Camera link

The Camera Link standard was initially released in 2000. It is a robust, well-established communications link that standardizes the connection between cameras and frame grabbers and defines a complete interface, including provisions for data transfer, camera timing, serial communications, and real-time signaling to the camera. Camera Link is a non-packet-based protocol and remains the simplest camera/frame grabber interconnect standard. Currently, in version 2.0, the standard specification includes Mini Camera Link connectors, Power over Camera Link (PoCL), PoCL-Lite (a minimized PoCL interface supporting base configurations) and cable performance specifications.

Speed

Camera Link was built for real-time, high-speed communication. The high bandwidth of 255 Mbytes/s for one cable and up to 850 Mbytes/s for two cables assures fast transfer of images with no latency issues.

Receiver Device

Frame grabber.

Cable

Camera Link defines its own dedicated cable. Cameras and frame grabbers can be easily interchanged using the same cable. The maximum cable length is in the range of 7 to 15 meters depending on the camera clock rate.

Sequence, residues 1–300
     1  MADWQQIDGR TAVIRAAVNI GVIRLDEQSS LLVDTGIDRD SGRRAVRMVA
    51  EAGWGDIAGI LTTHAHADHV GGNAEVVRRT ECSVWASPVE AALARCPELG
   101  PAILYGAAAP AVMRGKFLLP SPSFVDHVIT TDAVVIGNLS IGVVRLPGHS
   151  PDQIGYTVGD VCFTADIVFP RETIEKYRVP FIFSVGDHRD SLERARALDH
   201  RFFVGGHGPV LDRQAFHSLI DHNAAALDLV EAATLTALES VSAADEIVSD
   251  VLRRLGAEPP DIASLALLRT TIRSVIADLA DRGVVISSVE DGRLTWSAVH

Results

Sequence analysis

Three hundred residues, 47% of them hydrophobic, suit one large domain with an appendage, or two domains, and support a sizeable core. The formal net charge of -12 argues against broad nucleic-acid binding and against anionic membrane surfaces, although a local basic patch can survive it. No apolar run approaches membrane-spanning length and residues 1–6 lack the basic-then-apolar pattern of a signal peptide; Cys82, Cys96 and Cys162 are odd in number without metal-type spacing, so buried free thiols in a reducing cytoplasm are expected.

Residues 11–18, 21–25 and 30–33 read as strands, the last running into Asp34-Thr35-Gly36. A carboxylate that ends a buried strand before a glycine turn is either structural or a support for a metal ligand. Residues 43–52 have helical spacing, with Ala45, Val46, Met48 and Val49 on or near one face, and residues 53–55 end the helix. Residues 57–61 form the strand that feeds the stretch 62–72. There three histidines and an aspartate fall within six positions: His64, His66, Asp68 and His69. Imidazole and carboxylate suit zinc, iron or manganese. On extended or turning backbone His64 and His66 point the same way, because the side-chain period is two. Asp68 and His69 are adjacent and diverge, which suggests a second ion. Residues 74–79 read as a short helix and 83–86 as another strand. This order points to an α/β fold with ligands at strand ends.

Mini Camera

Link provides a small footprint when space is an issue.

Connectors

MDR 26-pin connector; SDR, HDR 26-pin connector (Mini Camera Link); HDR 14-pin connector (PoCL-Lite).

Camera Power Supply

Using PoCL, a PoCL camera can be powered by a PoCL frame grabber through the Camera Link cable.

Other Differentiators

Camera Link has optional GenICam support for plug and play interoperability. The use of up to two cables per camera is possible.

CAMERA LINK CONFIGURATIONS

Camera Link comes in several variants which differ in the amount of data that can be transferred. Some of them require two cables for transmission. The frequency of the data transmission starts from 40 MHz for old/cheap cameras/framegrabbers and can reach 85 MHz for the latest devices. All the following data refers to the operating frequency of 85 MHz.

CAMERA LINK CONFIGURATIONS
Camera Link communication channels for Base, Medium and Full configurations

Base configuration

The “Base” Camera Link configuration carries signals over a single connector/cable. The cable carries 5 LVDS signals for video data streaming (24 bits of data + 4 framings/enable bits), 4 LVDS control signals and 2 LVDS for asynchronous serial communication (UART).

The max data throughput is 2.04 Gbps (255 MBps).

Medium/Full configuration

In these configurations, a second connector/cable is added. In “Medium” configuration this provides 24 bits for additional video data and the same 4 framings/enable bits as in “Base” configuration. This yields a 48-bit data path capable of throughput up to 4.08 Gbps (510 MBps).
In “Full” configuration another 16 bits are added, resulting in a 64-bit data path that can carry 5.44 Gbps (680 MBps).

Deca configuration (80-bit variant – extended full)

The other 16 bits for video data are added, eliminating redundant control signals and taking advantage of unused wires. This yields an 80-bit data path capable of throughput up to 6.80 Gbps (850 MBps).